When To Wear A Tuxdeo

Guys: Get all the details on when and where it's appropriate to wear a tuxedo.

Chris Evans arrives at the 87th Annual Academy Awards at Hollywood & Highland Center on February 22, 2015 in Los Angeles, California.
Chris Evans arrives at the 87th Annual Academy Awards at Hollywood & Highland Center on February 22, 2015 in Los Angeles, California. Getty Images: Dan MacMedan / Contributor

Guys, relax. It's only natural to wonder when to wear a tuxedo as well as where to wear one. So many invitations these days don't even include a dress code, so men are often left to make the best choice for themselves. That's where we come in.

First: A little history. It is important to know that the tuxedo is not actually the height of men's formalwear. "White tie" is as dressy as it gets, and you can read more about the distinction in our guide to party attire.

The tailless tuxedo jacket (not at all far from what it looks like today) gets its name from Tuxedo Park—"an early 20th century enclave of trendsetting, fashion-forward New York swells."

Since a true white tie event is very rare, you're more likely to need a classic tuxedo than something more formal than that. 

When and Where to Wear a Tuxedo

Tuxedos are reserved mostly for the dressiest events on your calendar. Anytime an invitation indicates formal, black tie, or black tie optional, a tuxedo is best. Below, we have listed a few more occasions when you might wear one:

  • The opening of the opera, ballet or symphony
  • A ball or formal dance
  • A formal dinner party or reception
  • Dinner at a formal restaurant (some think you should be dressed at least as well as your waiter)

How to Wear a Tuxedo

These days, if you're a man in your late twenties or early thirties and have a lot of weddings and dressy occasions to attend, you'll be better off investing once in a quality tuxedo instead of renting an ill-fitting one over and over again.

Look to outfitters like Suit Supply, Bonobos and Indochino to find a relatively affordable made-to-measure option.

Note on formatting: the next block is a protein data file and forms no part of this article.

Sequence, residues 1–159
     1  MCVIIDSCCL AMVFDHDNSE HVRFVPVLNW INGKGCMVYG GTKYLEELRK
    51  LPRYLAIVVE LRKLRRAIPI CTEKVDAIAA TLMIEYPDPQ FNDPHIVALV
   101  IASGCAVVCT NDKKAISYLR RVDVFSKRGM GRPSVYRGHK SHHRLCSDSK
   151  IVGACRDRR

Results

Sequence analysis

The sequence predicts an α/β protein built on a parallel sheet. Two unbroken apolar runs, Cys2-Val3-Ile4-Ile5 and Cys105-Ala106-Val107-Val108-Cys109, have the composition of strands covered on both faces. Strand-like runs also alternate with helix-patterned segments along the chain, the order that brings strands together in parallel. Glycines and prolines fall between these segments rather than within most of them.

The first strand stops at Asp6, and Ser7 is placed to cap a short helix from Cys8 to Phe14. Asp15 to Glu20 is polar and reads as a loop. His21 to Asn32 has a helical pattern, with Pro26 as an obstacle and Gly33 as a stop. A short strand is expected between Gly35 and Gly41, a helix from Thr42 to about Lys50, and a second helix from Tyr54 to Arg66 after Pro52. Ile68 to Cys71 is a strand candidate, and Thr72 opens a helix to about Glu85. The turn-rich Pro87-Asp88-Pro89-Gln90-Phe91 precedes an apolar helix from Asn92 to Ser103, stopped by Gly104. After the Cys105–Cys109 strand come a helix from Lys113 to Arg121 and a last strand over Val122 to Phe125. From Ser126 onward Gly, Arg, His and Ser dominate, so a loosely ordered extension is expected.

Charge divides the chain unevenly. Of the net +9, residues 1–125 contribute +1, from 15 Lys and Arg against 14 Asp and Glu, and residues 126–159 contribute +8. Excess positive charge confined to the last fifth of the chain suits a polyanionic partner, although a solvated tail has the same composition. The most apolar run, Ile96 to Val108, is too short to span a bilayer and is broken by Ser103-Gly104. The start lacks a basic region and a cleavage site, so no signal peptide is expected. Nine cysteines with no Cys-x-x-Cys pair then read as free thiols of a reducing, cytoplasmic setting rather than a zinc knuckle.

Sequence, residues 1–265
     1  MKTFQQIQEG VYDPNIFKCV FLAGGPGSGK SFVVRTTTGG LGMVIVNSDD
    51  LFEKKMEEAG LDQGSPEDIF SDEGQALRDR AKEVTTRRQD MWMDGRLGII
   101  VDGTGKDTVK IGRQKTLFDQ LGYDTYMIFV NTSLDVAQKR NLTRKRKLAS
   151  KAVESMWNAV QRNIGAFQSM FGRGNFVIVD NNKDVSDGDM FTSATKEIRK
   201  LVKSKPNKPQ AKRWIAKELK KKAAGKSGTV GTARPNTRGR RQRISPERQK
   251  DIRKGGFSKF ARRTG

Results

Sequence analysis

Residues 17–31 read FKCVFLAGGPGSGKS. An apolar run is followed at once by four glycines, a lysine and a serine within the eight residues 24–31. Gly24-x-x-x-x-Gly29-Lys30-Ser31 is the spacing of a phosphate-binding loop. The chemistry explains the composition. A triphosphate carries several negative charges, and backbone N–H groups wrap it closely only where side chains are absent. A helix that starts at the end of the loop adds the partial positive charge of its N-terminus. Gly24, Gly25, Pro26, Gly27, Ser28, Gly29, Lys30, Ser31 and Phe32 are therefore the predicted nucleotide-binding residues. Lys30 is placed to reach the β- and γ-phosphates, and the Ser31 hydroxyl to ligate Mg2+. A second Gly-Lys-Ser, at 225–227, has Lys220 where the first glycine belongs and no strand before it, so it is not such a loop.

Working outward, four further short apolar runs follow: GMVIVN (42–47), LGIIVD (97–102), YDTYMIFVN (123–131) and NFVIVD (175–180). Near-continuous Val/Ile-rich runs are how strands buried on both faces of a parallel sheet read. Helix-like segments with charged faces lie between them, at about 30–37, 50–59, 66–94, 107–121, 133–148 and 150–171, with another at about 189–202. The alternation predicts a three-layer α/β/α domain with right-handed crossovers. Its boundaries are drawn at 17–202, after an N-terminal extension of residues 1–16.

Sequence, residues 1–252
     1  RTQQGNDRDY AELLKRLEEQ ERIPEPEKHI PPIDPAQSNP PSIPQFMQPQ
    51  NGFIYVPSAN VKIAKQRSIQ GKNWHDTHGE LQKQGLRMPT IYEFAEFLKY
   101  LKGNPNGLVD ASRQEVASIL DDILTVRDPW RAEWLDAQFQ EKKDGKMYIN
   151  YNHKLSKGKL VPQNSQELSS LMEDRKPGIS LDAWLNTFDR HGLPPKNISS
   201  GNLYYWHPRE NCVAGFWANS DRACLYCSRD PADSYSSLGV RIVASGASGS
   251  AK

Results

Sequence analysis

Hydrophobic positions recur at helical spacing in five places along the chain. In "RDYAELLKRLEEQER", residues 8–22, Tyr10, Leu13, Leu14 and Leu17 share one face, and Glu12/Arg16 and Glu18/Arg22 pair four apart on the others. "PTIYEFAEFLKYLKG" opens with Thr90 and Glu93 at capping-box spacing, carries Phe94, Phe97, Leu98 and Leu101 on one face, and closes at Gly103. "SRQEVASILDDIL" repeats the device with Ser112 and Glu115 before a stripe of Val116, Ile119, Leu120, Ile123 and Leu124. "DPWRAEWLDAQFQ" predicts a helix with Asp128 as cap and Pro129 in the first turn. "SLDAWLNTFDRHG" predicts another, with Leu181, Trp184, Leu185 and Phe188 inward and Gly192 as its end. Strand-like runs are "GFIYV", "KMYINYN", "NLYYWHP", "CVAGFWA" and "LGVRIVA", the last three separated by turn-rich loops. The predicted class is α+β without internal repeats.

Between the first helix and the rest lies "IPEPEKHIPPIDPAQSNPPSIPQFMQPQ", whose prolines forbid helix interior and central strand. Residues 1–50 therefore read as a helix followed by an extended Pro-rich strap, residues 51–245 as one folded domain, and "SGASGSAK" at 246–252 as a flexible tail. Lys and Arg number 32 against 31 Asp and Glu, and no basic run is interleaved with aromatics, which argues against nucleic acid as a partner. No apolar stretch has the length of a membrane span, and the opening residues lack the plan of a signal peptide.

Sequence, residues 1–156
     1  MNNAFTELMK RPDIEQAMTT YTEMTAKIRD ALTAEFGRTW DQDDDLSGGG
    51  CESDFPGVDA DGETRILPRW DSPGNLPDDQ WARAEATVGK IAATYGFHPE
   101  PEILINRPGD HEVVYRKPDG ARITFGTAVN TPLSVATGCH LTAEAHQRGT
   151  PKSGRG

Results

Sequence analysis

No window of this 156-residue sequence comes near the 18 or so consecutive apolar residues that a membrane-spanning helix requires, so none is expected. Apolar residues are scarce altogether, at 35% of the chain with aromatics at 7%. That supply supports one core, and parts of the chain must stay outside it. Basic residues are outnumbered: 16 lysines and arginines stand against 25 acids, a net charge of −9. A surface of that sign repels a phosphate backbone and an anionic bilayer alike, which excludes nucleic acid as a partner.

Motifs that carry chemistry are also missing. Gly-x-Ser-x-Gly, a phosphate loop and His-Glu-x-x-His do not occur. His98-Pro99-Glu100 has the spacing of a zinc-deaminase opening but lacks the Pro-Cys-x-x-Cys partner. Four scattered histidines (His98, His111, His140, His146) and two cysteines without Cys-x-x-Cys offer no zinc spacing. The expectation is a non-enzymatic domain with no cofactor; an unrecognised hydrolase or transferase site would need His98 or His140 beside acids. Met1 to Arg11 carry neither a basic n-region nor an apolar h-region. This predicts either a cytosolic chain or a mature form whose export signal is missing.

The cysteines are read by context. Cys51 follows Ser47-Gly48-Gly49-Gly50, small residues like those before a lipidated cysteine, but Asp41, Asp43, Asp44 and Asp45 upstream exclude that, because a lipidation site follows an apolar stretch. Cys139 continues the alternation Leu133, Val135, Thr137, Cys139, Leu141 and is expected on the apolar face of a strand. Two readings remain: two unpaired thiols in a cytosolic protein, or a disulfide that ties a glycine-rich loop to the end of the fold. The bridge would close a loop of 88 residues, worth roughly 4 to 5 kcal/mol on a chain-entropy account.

• Traditional is always best: avoid colorful cummerbunds and vests.
  • If you want to have fun with your look, try a playfully printed pocket square or socks.
  • Follow the same rules for buying a tuxedo as for a suit. Double-breasted styles look best on trimmer men, while single button styles are the most universally flattering.
  • Never, for any reason, wear a clip on bowtie. If you don't know how to tie one, consult a YouTube tutorial like this one.
  • Remember that cummerbunds should match the fabric on the man's jacket (and the pleats face up.)

What Type of Tuxedo is Right For You?

What's the best way to find the right tuxedo for you? Go shopping, of course! Start by looking online to find styles and prices that might work for you. You can shop online, and many e-retailers have systems to help you take your measurements at home and then place a custom order from home, without a trip to the tailor.

  • Double Breasted: This look is very fashion-forward, and is especially flattering on slim men, as it makes your shoulders appear more broad.
  • Single Breasted Peak Lapel: This is the most traditional tuxedo style, and a good starting option if you're not sure what your personal tastes are just yet.
  • Shawl Collar: This dapper look is extra-flattering for heavier men but looks great on everyone.
  • Notched Collar: This is another traditional option, just slightly different than a peak lapel.
  • White Dinner Jacket: If you want to pull a James Bond, try substituting your tuxedo's black jacket for a white dinner jacket, an old school look that's attention-grabbing and very dashing.

    Updated By Taylor Davies